• @Panther: Thanks for the suggestion. I have added a question at the top of my post. I think the lack of acceleration is what is tripping people up. – James Nov 15 '19 at 15:38
• My take is that everyone loves to correct a misconception. So they answer the question "if the dogs jump around more, but don't actually pull any harder, do they do more work?" thus correcting the misconception that effort = work. But that is not actually what was asked. – Ben51 Nov 15 '19 at 15:39

You are 100%, unequivocally and unambiguously correct. For a constant force in the same direction as a displacement $$D$$, $$W=FD.$$ Period.

The idea that where the energy goes--into heat, kinetic energy, potential energy, etc.--is relevant to the calculation of work is flat wrong.

The idea that the "motion of the center of mass" is relevant to the calculation of work in any other way than insofar as it has an effect on $$D$$ is also flat wrong.

• For my part I never stated the dogs work ended up as "heat", since sliding friction is not involved. In fact it is the work done by the car on the sled that ends up as heat. My only point in this whole thing is that the additional work done by the dog in increasing its force on the walker is unproductive if it doesn't result in increasing the speed of the walker. – Bob D Nov 15 '19 at 16:16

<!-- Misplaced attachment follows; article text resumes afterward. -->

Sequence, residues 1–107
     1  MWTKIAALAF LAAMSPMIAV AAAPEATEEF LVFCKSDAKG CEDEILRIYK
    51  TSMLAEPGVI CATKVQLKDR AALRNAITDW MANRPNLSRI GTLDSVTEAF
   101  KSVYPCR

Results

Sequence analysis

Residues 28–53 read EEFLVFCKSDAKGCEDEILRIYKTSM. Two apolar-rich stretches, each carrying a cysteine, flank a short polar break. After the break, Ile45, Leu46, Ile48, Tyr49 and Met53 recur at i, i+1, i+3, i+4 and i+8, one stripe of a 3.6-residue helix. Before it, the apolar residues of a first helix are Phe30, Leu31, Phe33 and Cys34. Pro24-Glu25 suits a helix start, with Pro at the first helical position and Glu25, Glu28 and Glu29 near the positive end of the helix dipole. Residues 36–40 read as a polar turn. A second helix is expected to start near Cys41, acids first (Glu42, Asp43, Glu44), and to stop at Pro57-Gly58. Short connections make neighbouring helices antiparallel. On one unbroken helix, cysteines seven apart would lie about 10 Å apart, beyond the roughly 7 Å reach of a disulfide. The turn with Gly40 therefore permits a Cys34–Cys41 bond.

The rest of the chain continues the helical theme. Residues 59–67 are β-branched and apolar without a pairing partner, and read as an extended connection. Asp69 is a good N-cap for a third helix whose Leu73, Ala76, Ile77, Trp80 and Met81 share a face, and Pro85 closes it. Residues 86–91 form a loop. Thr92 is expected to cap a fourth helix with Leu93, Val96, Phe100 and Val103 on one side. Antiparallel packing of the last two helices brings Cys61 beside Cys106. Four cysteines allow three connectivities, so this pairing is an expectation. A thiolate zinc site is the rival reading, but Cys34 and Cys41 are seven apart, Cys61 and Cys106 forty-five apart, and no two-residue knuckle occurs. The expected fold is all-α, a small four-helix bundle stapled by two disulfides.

• @BobD Whether sliding friction or dissipated in the muscles/tendons of the person providing the resistance, it is still heat. – Ben51 Nov 15 '19 at 16:20
• I don't see a connection between sliding friction and heat being dissipated in muscles/tendons of the person providing the resistance. Frankly I consider that aspect irrelevant. My only point is that if the dogs increase their force on the walker but the walker's speed doesn't change, the additional work and expenditure of energy by the dog, whatever its form, is unproductive. – Bob D Nov 15 '19 at 16:34

I believe the diagram below is enough to determine the work done by the car. The details of the sled are not important.

One issue I have with your analysis is that it neglects what was needed in order to have the car pulling the sled at constant velocity. Initially, the car had to exert a net force to the right in order to accelerate the sled and achieve the stated velocity. Once that velocity is reached, the car can reduce its pulling force to match the opposing force exerted by the shed, for a net force of zero, so that now the car and sled are moving and constant velocity and the net work done being done on the sled from that point on is zero. In short, net work had to be performed on the sled by the car to attain the constant velocity (kinetic energy) of the sled, per the work energy principle.